During arguments in October, both parties told the Seventh Circuit the damages awarded were excessive. ConAgra’s attorney said the punitive damages award in this case was believed to be the largest such award in Illinois history.

In his opinion, Judge Frank Easterbrook explained why he and Judges Ilana Diamond Rovner and Daniel Manion let ConAgra off the liability hook.

“Although the plaintiffs and West Side weakly contend that it did not know that C15 [the bin that later exploded] was a hot bin, the evidence overwhelmingly establishes that it did – indeed, it knew that this is why it had been hired—and no reasonable jury could have concluded otherwise,” Easterbrook wrote for the panel.

While the plaintiffs argued the risk of explosion may have been reduced had ConAgra hired West Side earlier, the appellate judges noted “no one contends that ConAgra failed to answer accurately all questions West Side posed. Having hired a self-proclaimed expert in hot bins, ConAgra was entitled to assume that West Side would ask for whatever information it needed. “

The appellate judges likened the situation of ConAgra hiring West Side to a person in need of legal representation hiring an attorney.

“People who hire lawyers rely on them to ask for information material to the situation, and no court would hold a client liable to his lawyer for failing to reveal spontaneously something that the lawyer never asked about; similarly people who hire specialists in controlling the risks of grain storage are entitled to rely on them to know what matters and ask for the material information,” Easterbrook wrote.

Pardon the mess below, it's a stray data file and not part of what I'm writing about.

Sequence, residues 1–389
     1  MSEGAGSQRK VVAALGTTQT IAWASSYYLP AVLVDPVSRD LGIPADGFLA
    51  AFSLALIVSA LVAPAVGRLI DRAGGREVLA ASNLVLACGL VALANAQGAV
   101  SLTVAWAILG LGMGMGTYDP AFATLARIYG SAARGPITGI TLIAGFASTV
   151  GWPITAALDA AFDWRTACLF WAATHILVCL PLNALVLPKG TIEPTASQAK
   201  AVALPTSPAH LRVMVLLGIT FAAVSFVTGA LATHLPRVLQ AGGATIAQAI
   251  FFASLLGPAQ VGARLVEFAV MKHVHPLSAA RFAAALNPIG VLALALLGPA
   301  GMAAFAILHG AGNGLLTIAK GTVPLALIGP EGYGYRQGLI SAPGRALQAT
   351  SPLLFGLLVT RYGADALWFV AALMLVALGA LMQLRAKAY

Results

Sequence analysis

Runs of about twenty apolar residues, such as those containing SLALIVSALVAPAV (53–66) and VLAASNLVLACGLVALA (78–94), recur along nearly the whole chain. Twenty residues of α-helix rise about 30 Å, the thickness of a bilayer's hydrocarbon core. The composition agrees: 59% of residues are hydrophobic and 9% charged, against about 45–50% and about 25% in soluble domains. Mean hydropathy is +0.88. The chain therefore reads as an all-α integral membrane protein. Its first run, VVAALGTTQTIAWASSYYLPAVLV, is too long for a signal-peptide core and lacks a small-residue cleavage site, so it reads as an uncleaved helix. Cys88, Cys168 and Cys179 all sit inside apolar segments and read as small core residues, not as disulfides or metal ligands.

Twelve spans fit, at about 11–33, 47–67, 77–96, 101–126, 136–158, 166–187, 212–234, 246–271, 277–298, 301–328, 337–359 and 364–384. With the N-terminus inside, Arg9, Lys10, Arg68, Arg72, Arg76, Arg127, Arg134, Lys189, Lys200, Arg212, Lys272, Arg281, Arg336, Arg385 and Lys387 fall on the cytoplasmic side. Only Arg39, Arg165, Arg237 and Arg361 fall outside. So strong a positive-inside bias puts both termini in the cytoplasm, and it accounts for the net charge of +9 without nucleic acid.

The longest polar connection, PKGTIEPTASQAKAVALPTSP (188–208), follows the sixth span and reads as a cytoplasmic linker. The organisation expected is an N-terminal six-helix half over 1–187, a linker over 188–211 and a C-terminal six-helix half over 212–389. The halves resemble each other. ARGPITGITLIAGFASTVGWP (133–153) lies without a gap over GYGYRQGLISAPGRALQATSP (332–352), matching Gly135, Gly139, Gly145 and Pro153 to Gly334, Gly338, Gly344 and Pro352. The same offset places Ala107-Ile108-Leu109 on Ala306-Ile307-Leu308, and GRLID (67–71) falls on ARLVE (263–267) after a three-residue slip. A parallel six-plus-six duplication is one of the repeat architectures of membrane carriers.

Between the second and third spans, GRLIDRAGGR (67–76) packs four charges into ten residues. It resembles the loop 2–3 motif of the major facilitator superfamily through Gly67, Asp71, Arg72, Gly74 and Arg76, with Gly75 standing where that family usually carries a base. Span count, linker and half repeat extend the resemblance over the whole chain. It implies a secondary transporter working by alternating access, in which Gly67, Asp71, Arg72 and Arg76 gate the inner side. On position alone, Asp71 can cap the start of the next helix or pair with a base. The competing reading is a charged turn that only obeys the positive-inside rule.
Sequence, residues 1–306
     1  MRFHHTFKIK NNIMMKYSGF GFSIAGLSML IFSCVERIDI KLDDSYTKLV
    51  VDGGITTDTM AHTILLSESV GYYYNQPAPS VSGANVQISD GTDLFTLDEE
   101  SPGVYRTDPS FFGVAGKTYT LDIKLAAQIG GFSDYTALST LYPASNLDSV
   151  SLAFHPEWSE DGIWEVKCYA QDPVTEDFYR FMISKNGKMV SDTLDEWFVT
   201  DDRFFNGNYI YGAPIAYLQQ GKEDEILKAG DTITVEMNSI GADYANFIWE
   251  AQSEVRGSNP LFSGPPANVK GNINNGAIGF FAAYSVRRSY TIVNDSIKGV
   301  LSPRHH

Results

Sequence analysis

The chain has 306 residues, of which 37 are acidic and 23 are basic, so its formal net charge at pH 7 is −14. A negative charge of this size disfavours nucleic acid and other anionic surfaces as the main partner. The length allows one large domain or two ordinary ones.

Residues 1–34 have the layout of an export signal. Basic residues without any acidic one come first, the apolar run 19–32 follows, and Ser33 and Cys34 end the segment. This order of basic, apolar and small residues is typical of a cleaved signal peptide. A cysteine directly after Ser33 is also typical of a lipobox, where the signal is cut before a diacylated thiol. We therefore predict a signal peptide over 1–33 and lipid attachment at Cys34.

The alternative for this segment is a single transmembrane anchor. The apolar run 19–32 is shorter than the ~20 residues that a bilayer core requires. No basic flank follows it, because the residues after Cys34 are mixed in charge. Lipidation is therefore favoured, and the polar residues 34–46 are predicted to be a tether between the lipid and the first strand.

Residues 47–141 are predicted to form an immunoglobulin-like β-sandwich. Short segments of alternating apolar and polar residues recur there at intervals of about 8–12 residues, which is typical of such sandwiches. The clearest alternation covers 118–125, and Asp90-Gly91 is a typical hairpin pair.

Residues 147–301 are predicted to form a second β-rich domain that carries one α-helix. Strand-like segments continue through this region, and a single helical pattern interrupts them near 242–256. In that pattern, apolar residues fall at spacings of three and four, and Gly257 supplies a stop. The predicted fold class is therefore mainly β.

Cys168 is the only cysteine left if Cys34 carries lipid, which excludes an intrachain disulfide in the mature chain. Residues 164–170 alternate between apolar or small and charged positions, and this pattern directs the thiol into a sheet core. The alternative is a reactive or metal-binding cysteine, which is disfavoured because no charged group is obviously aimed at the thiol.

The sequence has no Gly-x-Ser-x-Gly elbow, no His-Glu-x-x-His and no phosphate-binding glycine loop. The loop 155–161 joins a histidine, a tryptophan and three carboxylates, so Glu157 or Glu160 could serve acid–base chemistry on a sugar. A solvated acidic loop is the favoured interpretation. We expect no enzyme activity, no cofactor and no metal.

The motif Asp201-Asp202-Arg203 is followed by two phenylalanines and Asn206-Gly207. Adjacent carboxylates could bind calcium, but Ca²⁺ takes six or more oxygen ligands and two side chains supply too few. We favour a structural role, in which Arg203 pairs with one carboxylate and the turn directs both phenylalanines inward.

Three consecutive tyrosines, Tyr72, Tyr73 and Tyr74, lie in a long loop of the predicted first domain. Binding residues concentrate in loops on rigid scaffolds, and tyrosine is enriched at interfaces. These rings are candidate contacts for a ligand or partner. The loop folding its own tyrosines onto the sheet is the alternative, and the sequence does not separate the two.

Aside from finding ConAgra liable and overturning the jury awards against it, the panel also set aside the punitive damages award the jury ordered West Side to pay Jentz.

Noting that Illinois law requires willful and wanton conduct or at least a “gross deviation from the standard of care” in order for punitive damages to be awarded, Easterbrook said the jury lacked support to award these damages.

The jury awarded $1 million in punitive damages to Jentz stemming from the decision of West Side’s foreman decision to send him and Becker back into the bin to retrieve the tools. West Side argued there was no evidence that it exhibited willful and wanton behavior or a conscious disregard for the safety of others.

“The verdict appears to be a consequence of hindsight bias—the human tendency to believe that whatever happened was bound to happen, and that everyone must have known it,” Easterbrook wrote, adding, “Hindsight bias is not enough to support a verdict.”

In addition to its rulings on the jury awards, the panel affirmed the finding that West Side is liable to ConAgra for the cost of the damage the explosion caused to its facility.

Like Reagan, the panel rejected West Side’s argument it that isn’t liable because it never returned a signed contract to ConAgra.

“The district judge thought this irrelevant, because performance usually is as good as a signature as a way to accept a proposed written contract,” Easterbrook wrote. “We agree with that conclusion as well as the district judge’s resolution of all disputes about the amount of damages the jury awarded on this subject.”

He added, “The district judge covered these issues ably; more words are unnecessary.”